Bates Research | 06-06-19
Cryptocurrencies Regulatory Update: FinCEN Guidance, SEC and Commissioner Commentary
The state of play in cryptocurrency regulation continues to reflect legitimate tensions between promoting innovation and entrepreneurship and maintaining sound markets and investor protection.
In previous articles, Bates Research has described some of the definitional challenges that directly affect which agencies govern which crypto assets. For example, the SEC asserts jurisdiction over virtual digital offerings presented as securities (under certain legal tests,) while the CFTC maintains authority when the digital assets present as commodities and options. FinCEN covers digital assets by extending money transmission regulations for businesses subject to Bank Secrecy Act (“BSA”) and Know Your Customer (“KYC”) obligations. State and international regulators sometimes take conflicting positions as they attempt to control how these new technologies may affect their economies. In short, regulators are alternatively encouraging, threatening and enforcing compliance as new business models push the boundaries of traditional commerce.
In this article, we review recent developments including new guidance and a recent advisory issued by FinCEN, anticipated guidelines from the Financial Action Task Force (“FATF”) and the latest developments at the SEC.
FinCEN Issues Guidance and an Advisory
Last month, FinCEN issued interpretive guidance affirming its regulatory approach and warning financial institutions about the threat of virtual currencies used to support criminal activity. Specifically, FinCEN took two steps in order “to provide regulatory certainty for businesses and individuals.” First, the agency consolidated current FinCEN regulations, administrative rulings and preexisting guidance and explained how they apply to “Convertible Virtual Currencies” (CVCs) businesses. Second, FinCEN issued warnings “to assist financial institutions in identifying and reporting suspicious activity related to the criminal exploitation of CVCs for money laundering, sanctions evasion, and other illicit financing purposes.”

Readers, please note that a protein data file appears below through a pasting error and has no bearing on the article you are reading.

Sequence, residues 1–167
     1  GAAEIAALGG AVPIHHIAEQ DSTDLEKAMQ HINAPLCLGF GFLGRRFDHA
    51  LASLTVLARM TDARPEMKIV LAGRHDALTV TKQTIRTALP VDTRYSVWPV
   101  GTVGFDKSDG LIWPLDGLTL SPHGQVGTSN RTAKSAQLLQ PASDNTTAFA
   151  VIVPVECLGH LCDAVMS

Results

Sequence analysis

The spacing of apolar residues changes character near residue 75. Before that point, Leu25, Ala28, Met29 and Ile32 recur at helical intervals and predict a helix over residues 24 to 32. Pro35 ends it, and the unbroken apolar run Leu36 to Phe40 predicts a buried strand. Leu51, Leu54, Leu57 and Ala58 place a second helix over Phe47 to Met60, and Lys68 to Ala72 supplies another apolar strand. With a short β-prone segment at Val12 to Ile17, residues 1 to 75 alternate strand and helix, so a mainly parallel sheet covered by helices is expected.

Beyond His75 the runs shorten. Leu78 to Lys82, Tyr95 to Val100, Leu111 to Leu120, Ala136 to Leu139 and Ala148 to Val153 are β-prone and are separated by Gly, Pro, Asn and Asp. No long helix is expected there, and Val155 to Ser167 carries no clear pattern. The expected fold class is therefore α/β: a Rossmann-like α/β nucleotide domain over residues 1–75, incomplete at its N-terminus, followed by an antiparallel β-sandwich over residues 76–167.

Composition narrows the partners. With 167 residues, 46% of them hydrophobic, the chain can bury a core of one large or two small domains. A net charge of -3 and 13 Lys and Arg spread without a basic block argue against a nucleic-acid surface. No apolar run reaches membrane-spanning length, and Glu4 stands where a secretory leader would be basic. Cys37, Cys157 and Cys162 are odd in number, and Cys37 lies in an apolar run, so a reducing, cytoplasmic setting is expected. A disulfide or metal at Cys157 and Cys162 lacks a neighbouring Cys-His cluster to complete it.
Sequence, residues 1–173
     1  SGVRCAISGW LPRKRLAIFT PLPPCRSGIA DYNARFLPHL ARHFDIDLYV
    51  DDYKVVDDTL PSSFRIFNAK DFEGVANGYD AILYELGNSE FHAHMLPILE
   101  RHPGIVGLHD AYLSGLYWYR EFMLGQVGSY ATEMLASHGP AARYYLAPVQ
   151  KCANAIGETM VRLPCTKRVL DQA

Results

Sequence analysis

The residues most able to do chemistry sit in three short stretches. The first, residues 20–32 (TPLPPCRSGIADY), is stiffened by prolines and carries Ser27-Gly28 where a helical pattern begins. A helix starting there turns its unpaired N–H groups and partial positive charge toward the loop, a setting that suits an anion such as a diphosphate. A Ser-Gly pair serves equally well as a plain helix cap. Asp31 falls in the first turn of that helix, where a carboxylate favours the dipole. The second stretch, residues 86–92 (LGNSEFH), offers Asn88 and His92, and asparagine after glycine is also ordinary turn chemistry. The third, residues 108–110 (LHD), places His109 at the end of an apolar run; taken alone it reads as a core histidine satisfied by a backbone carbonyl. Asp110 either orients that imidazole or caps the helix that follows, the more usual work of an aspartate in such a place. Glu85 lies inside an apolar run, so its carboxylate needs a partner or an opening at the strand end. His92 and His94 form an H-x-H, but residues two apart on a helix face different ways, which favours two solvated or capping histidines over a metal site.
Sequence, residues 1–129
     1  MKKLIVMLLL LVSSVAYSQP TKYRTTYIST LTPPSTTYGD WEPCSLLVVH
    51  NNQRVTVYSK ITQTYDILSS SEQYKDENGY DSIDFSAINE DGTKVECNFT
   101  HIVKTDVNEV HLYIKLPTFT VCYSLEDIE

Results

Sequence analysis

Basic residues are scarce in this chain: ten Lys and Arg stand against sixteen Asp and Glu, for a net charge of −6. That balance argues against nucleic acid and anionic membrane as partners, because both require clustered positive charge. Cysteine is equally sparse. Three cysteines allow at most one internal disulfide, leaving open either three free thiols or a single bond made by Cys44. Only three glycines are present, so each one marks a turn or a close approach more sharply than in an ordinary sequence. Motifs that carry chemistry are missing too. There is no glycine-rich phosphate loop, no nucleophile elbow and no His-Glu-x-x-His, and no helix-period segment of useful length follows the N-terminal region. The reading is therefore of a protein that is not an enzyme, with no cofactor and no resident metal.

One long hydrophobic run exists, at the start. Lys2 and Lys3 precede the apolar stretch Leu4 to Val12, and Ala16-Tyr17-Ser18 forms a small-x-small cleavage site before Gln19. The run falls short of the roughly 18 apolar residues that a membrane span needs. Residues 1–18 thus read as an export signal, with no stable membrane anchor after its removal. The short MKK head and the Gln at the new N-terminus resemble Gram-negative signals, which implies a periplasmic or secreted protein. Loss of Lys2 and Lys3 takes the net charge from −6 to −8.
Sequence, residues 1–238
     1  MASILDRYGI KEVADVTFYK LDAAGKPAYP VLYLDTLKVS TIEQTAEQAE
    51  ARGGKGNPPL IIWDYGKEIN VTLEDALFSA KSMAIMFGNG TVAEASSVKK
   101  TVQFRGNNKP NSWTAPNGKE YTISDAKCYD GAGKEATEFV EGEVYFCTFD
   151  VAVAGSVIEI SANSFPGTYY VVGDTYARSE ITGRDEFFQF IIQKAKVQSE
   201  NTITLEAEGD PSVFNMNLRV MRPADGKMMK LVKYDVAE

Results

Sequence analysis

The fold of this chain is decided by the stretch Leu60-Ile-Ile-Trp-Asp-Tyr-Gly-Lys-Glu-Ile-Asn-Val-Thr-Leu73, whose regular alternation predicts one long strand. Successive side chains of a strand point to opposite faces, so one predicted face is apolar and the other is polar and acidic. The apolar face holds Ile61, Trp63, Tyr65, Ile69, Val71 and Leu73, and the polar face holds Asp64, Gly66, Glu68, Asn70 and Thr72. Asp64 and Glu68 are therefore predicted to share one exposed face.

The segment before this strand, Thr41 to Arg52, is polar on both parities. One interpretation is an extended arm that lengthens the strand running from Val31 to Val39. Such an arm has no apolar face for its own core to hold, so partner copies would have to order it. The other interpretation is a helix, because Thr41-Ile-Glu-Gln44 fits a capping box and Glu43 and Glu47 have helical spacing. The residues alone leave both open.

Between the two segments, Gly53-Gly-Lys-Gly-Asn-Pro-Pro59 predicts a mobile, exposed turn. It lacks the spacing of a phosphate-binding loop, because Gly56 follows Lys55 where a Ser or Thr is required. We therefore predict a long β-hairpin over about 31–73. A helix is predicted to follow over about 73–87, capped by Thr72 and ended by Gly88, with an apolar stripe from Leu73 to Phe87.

The FinCEN guidance starts by defining key concepts including the definition of money transmitters and “money transmissions…that substitute for currency.” This is important, as the definitions serve to distinguish FinCEN’s authority over money services businesses (“MSBs”) from those of the SEC (derived from the definition of “securities”) and the CFTC. (derived by definitions related to commodity futures.)
FinCEN then explains its current regulatory scheme involving money transmission under the BSA. The agency restates key requirements including written AML compliance policies, the collection of KYC information, the monitoring of transactions by a designated officer, the filing of SARs and adequate record-keeping. Remaining sections summarize FinCEN’s most recent guidance on the application of money transmission regulations to transactions denominated in CVC; highlight certain patterns of activity that raise concern and demonstrate how different business models that utilize CVCs are covered. As Director Kenneth A. Blanco stated: “our regulatory approach has been consistent and despite dynamic waves of new financial technologies, products, and services, our original concepts continue to hold true. Simply stated, those who accept and transfer value, by any means, must comply with our regulations and the criminal misuse of any methodology remains our fundamental concern.”